Filling of storage boxes with the old fills void typically felt during winter

This article was originally published in North County News.

The static cackled, but the irritated voice came through clearly from her cell phone. “I have one more store to try,” she began. “I’m hoping Hunt Valley’s Wal-Mart won’t disappoint me.”

We exchanged logistics and timing information, concluding we needed to push back our dinner reservation another half hour. I had to snicker as I hung up the phone. She was a woman on a mission, determined to find that Rubbermaid holiday storage box–today.

What is it about January that brings out the clutter-conquering spirit in all of us? My friend, Skipper, had been to two Targets and the White Marsh Wal-Mart searching for that perfect container. She reported empty shelves, or worse yet, lid-less containers.

The folks at Rubbermaid tell me that post-Christmas sales surge 50%, accounting for almost one-third of all revenues for storage products.

Why? Perhaps after the holidays, we decide to organize, to lump and label as we ruthlessly throw out or recycle what we no longer need or want. We need to clear out the old to find room for the new.

Maybe it begins when we finally take the tree down. For the first time since my paralysis five years ago, we bought a live Christmas tree. The kids’ favorite caregivers helped us make the trek to the local tree farm one drizzly cold December Saturday.

Perched in my van with the window cracked, I delighted in the tunes of the season that filled the tree-studded lot. The kind owner brought a cup of hot cider as I watched my crew disappear into the evergreen forest.

My eldest emerged a few minutes later, declaring the only tree they liked was “a little bigger” than the 7-footer we traditionally assemble. Guilt-fueled generosity prevailed as I sipped my cider and encouraged her to pick what she and her brother liked. After all, they’d been deprived of a real tree for years.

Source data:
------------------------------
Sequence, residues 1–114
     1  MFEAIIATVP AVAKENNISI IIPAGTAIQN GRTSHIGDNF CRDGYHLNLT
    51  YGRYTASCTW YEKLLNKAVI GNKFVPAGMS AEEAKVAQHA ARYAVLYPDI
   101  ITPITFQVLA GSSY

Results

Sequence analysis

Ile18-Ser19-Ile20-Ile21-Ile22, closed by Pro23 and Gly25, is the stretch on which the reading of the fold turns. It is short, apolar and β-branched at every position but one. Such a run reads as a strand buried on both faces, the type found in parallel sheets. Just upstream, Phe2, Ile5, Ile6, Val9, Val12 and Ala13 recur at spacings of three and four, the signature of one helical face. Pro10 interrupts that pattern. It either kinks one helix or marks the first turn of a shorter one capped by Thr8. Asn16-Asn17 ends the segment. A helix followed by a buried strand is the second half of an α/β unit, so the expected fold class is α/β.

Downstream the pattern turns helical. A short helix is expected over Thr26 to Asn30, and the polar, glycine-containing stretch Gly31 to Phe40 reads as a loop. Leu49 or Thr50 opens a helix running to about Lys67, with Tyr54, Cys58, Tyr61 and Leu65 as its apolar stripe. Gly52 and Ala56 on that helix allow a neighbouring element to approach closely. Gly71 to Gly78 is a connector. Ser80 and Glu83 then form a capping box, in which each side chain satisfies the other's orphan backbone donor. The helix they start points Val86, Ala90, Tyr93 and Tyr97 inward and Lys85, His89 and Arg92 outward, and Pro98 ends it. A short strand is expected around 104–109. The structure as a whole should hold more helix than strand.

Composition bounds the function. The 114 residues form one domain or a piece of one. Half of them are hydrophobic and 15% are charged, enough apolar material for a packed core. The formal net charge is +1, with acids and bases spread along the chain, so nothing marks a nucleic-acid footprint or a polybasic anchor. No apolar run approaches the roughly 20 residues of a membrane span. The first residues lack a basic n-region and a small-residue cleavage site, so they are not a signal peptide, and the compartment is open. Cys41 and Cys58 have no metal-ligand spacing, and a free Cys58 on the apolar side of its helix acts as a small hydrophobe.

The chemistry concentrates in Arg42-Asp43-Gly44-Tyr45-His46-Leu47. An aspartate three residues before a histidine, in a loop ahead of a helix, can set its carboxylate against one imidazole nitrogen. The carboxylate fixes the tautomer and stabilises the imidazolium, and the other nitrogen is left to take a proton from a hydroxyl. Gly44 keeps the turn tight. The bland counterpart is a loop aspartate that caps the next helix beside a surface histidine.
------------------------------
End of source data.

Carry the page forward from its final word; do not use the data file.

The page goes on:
Ten minutes later, they emerged with a ten-footer. After I put my eyeballs back in my head, I admitted they made an excellent choice. It was a beauty. Once inside our home, the branches bloomed, stretching up and out to hold our heirloom adornments, this time with the never-to-be-duplicated evergreen aroma.

Three weeks later, we dragged the unadorned down and out, trailing needles while filling the room one last time with its pungent scent.

The vacant space remained, begging to be replenished. It was our first step in clearing out the old as we began our mindful placement of the new.

January gives us time to be mindful. Holiday observances as well as unexpected inclement weather often put us at home with our projects and promises of what we hope to accomplish in the coming year. The time is ripe to re-order our world. We reorganize with the future in mind and begin to plan.

In my IBM days, January planning sessions were mandatory for all sales reps. Account reviews culminated in detailed plans, complete with action items and due dates. This year, I’ve participated in both church and charity planning events while adding one new session: family planning with my kids and their dad. Why not? I reasoned.

Let’s agree on what’s important in the upcoming year – school, church, sports, vacation, as well as personal goals, and then make a plan.

As my father likes to say, “What is planned is possible.”

But what really needles me is my imagined corollary of, “What is not planned is darn near impossible.”

Ideas without plans often stay that way, I’ve learned. Projects without time lines can fail to progress. And even the best of intentions without commitments may never be realized.

Possibilities demand a plan to become real. So, with my de-cluttering spirit energized by my own fresh supply of Rubbermaid, I’ve begun to re-order my world, clearing out the old and creating room for the new–making plans for my possible.